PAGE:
Banking's Future Emerges: Fewer Banks, More Online


The future of banks may be: fewer of them.

Traditional brick-and-mortar bank branches are closing at a record pace – more than 1,700 this past fiscal year.

It’s the fastest such decline on record.

Banks are concentrating on online and mobile services. They're following consumer trends ... and cutting costs in the process.

That means less need for facilities and tellers … and an improved bottom line for banks.

Industry watchers say it can be a win-win going forward – because it’s better for the bottom line, and it reflects emerging consumer preferences.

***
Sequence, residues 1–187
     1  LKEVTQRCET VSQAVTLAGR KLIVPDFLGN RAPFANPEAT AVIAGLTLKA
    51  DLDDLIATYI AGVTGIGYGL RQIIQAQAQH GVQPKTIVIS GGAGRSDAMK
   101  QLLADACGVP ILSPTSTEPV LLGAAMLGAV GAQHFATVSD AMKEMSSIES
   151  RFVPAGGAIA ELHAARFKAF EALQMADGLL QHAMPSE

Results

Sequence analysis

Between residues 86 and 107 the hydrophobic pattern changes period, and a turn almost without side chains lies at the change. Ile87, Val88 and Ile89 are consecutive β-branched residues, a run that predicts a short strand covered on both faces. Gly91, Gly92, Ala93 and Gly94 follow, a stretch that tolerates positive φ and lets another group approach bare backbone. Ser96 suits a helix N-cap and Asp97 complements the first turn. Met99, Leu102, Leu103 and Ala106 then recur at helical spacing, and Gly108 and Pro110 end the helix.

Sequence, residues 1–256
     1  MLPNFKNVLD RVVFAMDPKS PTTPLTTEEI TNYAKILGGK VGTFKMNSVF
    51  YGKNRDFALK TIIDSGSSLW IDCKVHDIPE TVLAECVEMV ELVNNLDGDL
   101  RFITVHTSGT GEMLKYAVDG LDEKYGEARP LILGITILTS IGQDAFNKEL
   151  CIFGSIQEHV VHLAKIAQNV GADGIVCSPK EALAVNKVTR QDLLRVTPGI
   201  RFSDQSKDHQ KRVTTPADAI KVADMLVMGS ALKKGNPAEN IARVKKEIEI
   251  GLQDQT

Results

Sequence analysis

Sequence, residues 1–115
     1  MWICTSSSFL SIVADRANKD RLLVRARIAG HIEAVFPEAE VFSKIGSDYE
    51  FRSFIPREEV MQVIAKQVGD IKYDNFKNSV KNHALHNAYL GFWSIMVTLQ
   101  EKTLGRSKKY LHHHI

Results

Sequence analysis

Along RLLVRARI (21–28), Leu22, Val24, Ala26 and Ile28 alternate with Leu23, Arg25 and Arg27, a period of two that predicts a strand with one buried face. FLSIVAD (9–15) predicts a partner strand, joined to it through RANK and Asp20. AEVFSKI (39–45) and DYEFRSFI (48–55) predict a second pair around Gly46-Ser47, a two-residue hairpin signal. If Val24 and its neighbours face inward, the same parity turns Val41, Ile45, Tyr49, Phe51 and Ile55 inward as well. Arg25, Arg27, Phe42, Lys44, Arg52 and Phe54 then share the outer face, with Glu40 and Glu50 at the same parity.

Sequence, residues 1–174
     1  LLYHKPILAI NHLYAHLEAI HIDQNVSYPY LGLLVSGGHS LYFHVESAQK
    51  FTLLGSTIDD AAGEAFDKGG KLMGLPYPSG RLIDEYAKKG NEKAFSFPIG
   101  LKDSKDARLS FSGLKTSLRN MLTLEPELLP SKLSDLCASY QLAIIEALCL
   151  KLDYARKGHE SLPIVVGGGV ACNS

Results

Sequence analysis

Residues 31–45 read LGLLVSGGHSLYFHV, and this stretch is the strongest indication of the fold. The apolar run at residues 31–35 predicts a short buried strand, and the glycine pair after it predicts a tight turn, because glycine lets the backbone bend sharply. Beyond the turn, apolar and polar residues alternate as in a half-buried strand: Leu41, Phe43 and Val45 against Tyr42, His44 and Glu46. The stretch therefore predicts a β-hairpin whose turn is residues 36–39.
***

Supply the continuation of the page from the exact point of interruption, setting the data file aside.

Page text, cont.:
Leading the trend is Wells Fargo, which closed more than 200 branches last year and plans to shut down 800 more locations nationwide by 2020.

Also, Bank of America has closed about 15 percent of locations in recent years, while JPMorgan Chase has shut down about 9 percent of locations.

Meanwhile Wells Fargo shares are taking a hit on Wall Street for unrelated reasons. The bank's shares are tanking because at least five Wall Street investment banks downgraded it following harsh enforcement actions by the Federal Reserve.

On Friday, the Federal Reserve reported it was restricting Wells Fargo's size due to reported "widespread consumer abuses."  Stock market experts are surprised by the federal banks cease-and-desist, but believe since investors can't predict when it will be lifted, the stocks will continue to plummet.

Wells Fargo has not responded to the downgrades yet.


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